(Unpublished - Feb 10, 2010)
In light of Lighthouse Evangelism Pastor Rony Tan’s apology for remarks made about Buddhist and Taoist practices, there are still many issues we should consider when forwarding religious harmony in Singapore.
The episode merely teaches us that we should be mindful of making incendiary remarks about other faiths in the public domain, but does not govern what is said within the private confines of our respective religious circles.
We would not be able to account for the internalisation of incendiary remarks by members of the community, or is this a non-issue in religious harmony in Singapore?
Does this not imply that certain religions will end up isolating themselves?
Next, I believe the stakeholders of religious harmony in Singapore are not only religious communities, leaders and the government, but also non-religious people.
Non-religious people are the ones who live with the multitude of practices, rituals and proselytisation that go on around them.
Some also put up with suggestions from others that they might be “misguided”, “broken”, “ignorant” and “in need of salvation”, the kind of persuasions that could have emotional and psychological repercussions.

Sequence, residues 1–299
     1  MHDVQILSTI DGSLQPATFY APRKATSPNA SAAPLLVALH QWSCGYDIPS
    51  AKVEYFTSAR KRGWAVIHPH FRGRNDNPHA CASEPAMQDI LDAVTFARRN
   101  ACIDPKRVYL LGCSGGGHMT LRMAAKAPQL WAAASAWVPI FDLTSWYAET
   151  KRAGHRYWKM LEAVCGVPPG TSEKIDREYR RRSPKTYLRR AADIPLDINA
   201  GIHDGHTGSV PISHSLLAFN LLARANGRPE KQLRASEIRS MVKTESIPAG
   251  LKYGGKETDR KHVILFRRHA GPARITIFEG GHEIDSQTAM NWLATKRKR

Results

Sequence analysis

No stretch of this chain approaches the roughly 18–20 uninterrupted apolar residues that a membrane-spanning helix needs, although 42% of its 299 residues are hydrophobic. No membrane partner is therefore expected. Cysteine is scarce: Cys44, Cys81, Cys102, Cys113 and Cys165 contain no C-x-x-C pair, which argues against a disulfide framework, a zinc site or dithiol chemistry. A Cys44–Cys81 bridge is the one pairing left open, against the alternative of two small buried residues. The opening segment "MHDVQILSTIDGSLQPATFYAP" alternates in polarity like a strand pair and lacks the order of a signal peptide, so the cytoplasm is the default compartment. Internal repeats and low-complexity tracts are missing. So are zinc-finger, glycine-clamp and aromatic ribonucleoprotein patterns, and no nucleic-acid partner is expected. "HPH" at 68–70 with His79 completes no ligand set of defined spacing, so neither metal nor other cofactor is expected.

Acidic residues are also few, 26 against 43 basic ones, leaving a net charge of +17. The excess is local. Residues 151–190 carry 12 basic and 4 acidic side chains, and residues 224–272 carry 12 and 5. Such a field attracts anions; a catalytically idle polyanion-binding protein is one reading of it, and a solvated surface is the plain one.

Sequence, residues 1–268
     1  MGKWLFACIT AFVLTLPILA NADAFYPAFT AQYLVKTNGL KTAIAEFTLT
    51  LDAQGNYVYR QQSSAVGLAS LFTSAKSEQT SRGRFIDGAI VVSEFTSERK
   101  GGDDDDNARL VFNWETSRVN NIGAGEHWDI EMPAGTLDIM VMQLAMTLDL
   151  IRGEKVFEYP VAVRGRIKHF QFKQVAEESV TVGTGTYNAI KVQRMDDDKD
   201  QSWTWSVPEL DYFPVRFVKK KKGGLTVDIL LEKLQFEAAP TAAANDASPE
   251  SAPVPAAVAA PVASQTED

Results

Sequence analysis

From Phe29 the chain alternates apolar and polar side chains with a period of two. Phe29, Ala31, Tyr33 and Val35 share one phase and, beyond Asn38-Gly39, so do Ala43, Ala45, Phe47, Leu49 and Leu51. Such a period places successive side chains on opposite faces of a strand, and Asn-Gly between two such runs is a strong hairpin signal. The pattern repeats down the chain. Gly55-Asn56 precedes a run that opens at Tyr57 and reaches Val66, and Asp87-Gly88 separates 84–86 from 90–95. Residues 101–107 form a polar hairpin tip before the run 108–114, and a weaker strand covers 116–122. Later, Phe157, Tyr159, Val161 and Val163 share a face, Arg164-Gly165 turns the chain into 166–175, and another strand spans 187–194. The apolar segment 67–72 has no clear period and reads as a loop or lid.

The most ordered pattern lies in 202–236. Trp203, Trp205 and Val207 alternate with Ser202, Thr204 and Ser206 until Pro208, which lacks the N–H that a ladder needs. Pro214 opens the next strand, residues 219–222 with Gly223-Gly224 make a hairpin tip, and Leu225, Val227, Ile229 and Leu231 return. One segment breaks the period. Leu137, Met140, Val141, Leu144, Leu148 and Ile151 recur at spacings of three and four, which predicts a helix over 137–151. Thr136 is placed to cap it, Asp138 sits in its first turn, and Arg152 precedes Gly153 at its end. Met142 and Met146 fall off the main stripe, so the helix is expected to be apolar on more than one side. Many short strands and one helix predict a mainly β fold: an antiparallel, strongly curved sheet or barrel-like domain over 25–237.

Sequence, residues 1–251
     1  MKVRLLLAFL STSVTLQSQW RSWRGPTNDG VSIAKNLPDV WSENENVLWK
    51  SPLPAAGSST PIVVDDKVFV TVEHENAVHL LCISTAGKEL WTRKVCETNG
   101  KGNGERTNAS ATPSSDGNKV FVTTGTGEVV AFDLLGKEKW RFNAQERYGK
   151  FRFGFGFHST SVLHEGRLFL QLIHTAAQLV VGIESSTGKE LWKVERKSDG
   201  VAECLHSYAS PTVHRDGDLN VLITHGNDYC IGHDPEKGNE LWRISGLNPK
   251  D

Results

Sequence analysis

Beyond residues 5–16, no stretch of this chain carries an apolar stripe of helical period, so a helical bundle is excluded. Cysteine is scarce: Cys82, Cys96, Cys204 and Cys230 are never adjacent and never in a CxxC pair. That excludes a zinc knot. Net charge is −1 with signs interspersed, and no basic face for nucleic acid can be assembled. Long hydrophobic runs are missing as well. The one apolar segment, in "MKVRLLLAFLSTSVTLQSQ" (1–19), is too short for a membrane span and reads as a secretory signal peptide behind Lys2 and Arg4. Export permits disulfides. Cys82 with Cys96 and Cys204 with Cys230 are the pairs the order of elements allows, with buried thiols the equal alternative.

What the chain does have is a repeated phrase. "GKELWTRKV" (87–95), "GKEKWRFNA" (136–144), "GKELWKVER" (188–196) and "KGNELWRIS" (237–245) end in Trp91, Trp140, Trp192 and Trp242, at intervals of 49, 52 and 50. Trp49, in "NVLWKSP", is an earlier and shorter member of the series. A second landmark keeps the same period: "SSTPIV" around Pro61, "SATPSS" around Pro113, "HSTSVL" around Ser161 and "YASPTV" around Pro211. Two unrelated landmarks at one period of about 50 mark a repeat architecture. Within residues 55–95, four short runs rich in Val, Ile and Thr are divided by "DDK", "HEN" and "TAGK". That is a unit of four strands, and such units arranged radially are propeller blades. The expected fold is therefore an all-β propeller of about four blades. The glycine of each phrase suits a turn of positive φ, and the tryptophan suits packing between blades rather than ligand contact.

Even though they may be people of no specific faith, they play a large role in religious harmony by supporting the cause and dialogue. While religious harmony cannot be taken for granted, I believe the efforts of all the stakeholders, religious and non-religious, involved should be recognised.
We need to understand that some religions involve proselytisation, a means to convince and recruit new members into the religious community.
Our constitution allows the practice and expression of religion, but who decides when it does become an invasion of privacy, harassment, or threat to other religions? Is there protection at all from the constitutional right to practice religion?
Can we not be absolutely certain that during the process of proselytisation, there might be an implicit putting down of other religions?
Essentially, while we may not be able to accept religious differences, we should reciprocate the right bestowed upon us by the constitution by being tolerant.
Ho Chi Sam